Worms farm germs: Discovery illuminates complex natural relationships
A common roundworm widely studied for its developmental biology and neuroscience, also might be one of the most surprising examples of the eat-local movement. Princeton University researchers have found that the organisms have a sure-fire method of ensuring a steady supply of a bacteria they eat — they grow their own.
The researchers reported Feb. 9 in the journal Proceedings of the National Academy of Sciences that the worm, Caenorhabditis elegans, carries a food source, the bacteria Escherichia coli, along with it as it tunnels through the rotting fruit and soil in which the worms and bacteria both naturally dwell. The bacteria adhere to the worm's sticky skin when the roundworm crawls through a bacterial patch.
Studying this activity in petri dishes, however, the researchers discovered that the worms do more than simply take their meals to go. As the worms pushed through a gelatinous medium they dropped bacteria along the way to create thriving new colonies of E. coli that the worms would later return to "harvest" and eat.
"It can really be best described as primitive farming," said co-author Sravanti Uppaluri, who serendipitously noticed the worms' agrarian tendencies as a postdoctoral researcher at Princeton and is now at Azim Premji University in Bangalore, India.
In a series of experiments, the researchers explored the ins and outs of the interspecies relationship between the worms and the bacteria. They found that new bacterial colonies formed mostly because of E. coli being cast off the worms' sticky, approximately 0.04-inch-long bodies. But some bacteria also passed through the worms' gut alive and undigested, and were thus able to establish additional outposts.
To examine how this dynamic affected organism populations, the researchers compared normal roundworms with mutant worms whose skin is harder for the bacteria to latch onto. With the mutants, the stationary E. coli failed to spread and proliferate like they did in the presence of normal roundworms. With fewer bacterial crops to harvest, the population of mutant worms was smaller than that of the normal worms.
Experiments also included mixed populations of normal and mutant roundworms in the same dish. The mutants were observed to be freeloaders that exploited the bacterial chow provided by the normal-skinned farmers. The observation led researchers to speculate that in the wild, farming roundworms might also pay a survival cost. This is because harmful bacteria can likewise attach to the worms and ultimately kill them, highlighting a potential evolutionary tradeoff of farming versus traits for hunting-and-gathering.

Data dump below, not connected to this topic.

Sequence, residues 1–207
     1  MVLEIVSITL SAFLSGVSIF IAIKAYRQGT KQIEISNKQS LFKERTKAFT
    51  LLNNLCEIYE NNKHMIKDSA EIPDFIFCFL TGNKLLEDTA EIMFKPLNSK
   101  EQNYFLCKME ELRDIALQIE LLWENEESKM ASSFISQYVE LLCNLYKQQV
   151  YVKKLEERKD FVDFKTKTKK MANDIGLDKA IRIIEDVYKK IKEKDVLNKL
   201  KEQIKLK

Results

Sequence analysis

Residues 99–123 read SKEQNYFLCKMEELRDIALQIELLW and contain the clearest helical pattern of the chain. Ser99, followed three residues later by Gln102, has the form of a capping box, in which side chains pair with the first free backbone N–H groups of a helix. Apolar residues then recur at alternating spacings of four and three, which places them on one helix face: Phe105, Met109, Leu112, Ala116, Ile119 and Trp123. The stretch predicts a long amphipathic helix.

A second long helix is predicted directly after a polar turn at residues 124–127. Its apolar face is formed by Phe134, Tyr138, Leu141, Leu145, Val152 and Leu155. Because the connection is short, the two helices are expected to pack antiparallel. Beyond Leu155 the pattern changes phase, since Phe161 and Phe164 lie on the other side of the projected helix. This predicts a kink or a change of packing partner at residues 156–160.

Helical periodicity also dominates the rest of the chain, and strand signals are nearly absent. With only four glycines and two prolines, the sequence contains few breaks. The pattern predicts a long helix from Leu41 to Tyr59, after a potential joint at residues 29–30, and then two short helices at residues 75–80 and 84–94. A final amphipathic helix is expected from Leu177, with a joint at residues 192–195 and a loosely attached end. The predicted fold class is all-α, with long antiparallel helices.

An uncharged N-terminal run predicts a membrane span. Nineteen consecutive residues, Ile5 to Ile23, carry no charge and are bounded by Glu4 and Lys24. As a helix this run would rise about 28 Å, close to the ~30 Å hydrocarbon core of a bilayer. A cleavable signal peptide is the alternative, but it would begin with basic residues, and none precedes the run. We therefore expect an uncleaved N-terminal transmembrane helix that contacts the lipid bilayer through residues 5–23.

The C. elegans worms and the E. coli bacteria are darlings of biology labs, ranking among the most-studied organisms in science. Their relatively simple systems function surprisingly like those of more complex organisms but are easier to study. Given the deep understanding of the genetics, physiology and behaviors of C. elegans and E. coli, researchers hope to use the newfound interplay between the creatures to gain critical insights into a variety of natural relationships.
"We anticipate that the ideas presented in our work will pave the way for linking the ecological and evolutionary dynamics taking place at the population level with the genetics and neuro-behavioral factors taking place at the level of the individual organism," said Shashi Thutupalli, who worked on the project as a postdoctoral researcher at Princeton and is now at the Tata Institute for Fundamental Research in Bangalore.
Research topics beyond worms and their microbial prey could benefit as well. For example, the bacterial "sowing" by roundworms bears a striking resemblance to other dissemination processes in nature, such as seed dispersal and the spread of epidemics. Again, the ease of experimentally working with C. elegans and E. coli should give scientists a handy platform for testing out theories in these diverse fields.
"The experimental tractability of this worm-and-germ system will enable us to ask pointed questions," Uppaluri said. "C. elegans has already been responsible for so many discoveries, especially in developmental biology and even neuroscience, and our study suggests this organism is going to open up many more avenues of research."
"The really interesting observation, of how worms can carry bacteria around, started the whole project," said Clifford Brangwynne, an assistant professor of chemical and biological engineering, who is one of the paper's authors. "It's something very simple that countless researchers have probably seen but never really thought about."
Jeff Gore, a biophysicist at the Massachusetts Institute of Technology who was not involved with the study, likewise noted the richness of the worm-bacteria interactions. "This study highlights that even the simplest of organisms can have behaviors that interact in fascinating ways with ecology," Gore said. The study also "elegantly demonstrates that the beginning of 'farming' can be quite simple," he said.
In addition to Brangwynne, Uppaluri and Thutupalli, Princeton researchers on the study included: George Constable, a postdoctoral researcher in ecology and evolutionary biology; Simon Levin, the James S. McDonnell Distinguished University Professor in Ecology and Evolutionary Biology; Howard Stone, the Donald R. Dixon '69 and Elizabeth W. Dixon Professor in Mechanical and Aerospace Engineering; and Corina Tarnita, an assistant professor of ecology and evolutionary biology.
The paper, "Farming and public goods production in Caenorhabditis elegans populations," was published in-advance-of-print Feb. 9 by the Proceedings of the National Academy of Sciences. The work was supported in part by the Human Frontier Science Program, the National Institutes of Health, the Searle Scholars Program and the Simons Foundation.